Flashback: Alexander Zverev, 17, A Star Of Tomorrow
Get a glimpse inside the life of up-and-coming German star Alexander Zverev.
A 14-year-old Andy Murray is taking a two-minute break from his practice session with Germany’s Mischa Zverev. As the pair get a drink of water, Mischa’s tiny four-year-old brother, Alex, rushes from his vantage point at the side of the court to hit some balls with his parents. Even then, he didn’t miss much.
Fast forward 13 years and Alexander Zverev is looking to follow in his big brother’s footsteps and make his own way on the ATP World Tour. Standing at 6’6’’, the tables were turned in Cincinnati over the summer as the German looked down on Murray when the pair reunited on the practice court. A huge fan of Miami Heat, Zverev could easily have looked at home on the basketball court.
“I saw him for the first time in a long time a few months ago and I couldn't believe how tall he was,” exclaims Murray.
Tossing wavy blonde hair out of his eyes, Zverev recalls in his American twang, "I was practising with Andy in Cincinnati and he told me, 'I've known you since you were this high!’
“I've known Novak Djokovic and Andy Murray since I was four years old. I didn't realise who they were. They were like little kids for me. I was just playing with them. I played soccer with them, basketball, tennis. Now, they're at the top of the game, practising with them and getting the opportunity to get to know them better is unbelievable. I'm really thankful to them for giving me the chance.”
Being around a tennis court is pretty much all that Zverev, who goes by the nickname ‘Sascha’, has known. Born in Hamburg to tennis coach parents, Sascha looked up to Mischa, watching on as his big brother went on to reach the Top 50. Aged seven, Sascha joined his brother at Florida’s Saddlebrook Tennis Academy for the first time and has returned every year for his winter training. Of late, the place he refers to as his “second home” has given him the chance to practise with leading Americans, John Isner and Jack Sock.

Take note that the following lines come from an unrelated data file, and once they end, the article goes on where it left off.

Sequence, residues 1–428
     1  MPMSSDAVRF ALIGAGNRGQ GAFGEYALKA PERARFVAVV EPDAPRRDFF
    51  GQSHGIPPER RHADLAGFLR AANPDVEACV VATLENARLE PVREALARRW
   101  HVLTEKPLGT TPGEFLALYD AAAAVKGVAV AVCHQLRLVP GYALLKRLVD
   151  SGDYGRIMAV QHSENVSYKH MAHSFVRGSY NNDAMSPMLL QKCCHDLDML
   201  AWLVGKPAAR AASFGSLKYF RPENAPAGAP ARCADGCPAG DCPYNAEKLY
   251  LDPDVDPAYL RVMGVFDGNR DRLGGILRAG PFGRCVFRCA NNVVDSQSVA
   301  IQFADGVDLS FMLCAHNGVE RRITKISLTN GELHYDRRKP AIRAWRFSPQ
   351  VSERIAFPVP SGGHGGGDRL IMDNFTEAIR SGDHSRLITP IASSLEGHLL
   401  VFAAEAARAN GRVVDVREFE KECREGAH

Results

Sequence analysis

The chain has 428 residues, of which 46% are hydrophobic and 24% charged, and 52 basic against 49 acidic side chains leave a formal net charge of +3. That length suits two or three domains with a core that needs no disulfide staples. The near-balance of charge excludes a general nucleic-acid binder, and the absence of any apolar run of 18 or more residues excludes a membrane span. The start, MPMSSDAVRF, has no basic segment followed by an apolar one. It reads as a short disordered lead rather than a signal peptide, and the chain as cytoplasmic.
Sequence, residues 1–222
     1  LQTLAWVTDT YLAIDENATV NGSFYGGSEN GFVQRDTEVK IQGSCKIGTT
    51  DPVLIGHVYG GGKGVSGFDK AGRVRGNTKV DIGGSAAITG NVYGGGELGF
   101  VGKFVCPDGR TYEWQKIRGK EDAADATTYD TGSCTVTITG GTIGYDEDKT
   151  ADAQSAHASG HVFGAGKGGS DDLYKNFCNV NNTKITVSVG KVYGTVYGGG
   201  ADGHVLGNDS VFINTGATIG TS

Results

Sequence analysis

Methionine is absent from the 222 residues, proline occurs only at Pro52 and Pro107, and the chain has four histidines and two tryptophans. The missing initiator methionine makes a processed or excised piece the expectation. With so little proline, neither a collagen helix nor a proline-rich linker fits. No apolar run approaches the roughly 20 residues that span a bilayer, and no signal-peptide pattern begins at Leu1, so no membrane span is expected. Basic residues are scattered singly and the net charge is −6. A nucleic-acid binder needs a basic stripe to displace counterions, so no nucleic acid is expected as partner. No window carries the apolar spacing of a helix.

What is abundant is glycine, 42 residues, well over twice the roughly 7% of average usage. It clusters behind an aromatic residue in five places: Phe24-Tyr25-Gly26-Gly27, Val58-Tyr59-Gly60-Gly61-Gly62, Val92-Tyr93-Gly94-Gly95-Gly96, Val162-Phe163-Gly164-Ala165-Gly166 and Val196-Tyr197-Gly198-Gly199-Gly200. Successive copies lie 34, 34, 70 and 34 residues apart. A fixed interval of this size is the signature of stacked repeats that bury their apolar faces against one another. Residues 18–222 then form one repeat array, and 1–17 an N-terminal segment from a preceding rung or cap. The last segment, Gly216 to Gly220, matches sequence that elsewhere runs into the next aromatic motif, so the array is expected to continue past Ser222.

“I think he's very good,” says Isner. “He's very tall, which I like, obviously nowhere near as tall as me. When I practise with him, you can tell he's pretty under-developed. And that's a good thing. He's got so much room to improve. Being a tall kid, he hits the ball extremely well from the baseline. He's got a lot of weapons. I think when he grows into his body, he's going to be a force. I really think he's a good tennis player.”
For the past year, Zverev has employed the services of physical trainer, Jez Green, who was largely credited with two-time major champion Murray’s physical transformation from skinny teen to one of the Tour’s leading athletes. It’s an addition to his team that the Scot feels can only be beneficial to Zverev as he grows into his gangly body.
“Jez can help him for sure,” says the Dunblane native. “[Zverev is] very different physically to me, we're very different people, so Jez will have to do some different work with him. We've obviously worked together for a long time. He has a lot of experience on tour. I'm sure he'll do a good job."
In an era when the average age of the Top 10 is 28, it is rare to see the likes of Zverev and fellow 17 year old Borna Coric having success on the ATP World Tour. But both have managed to make their mark in 2014, with the promise of great things to come as they continue to develop physically and gain experience.
Having started the season winning the Australian Open junior title, former junior World No. 1 Zverev was outside the Top 800 in the Emirates ATP Rankings but looks set to finish it inside the Top 150 as he plays his final tournament of the year this week at the Swiss Indoors Basel. Admitting he doesn’t care much for running around the baseline, World No. 135 Zverev has managed to impose an aggressive game in leaping more than 650 spots in the rankings.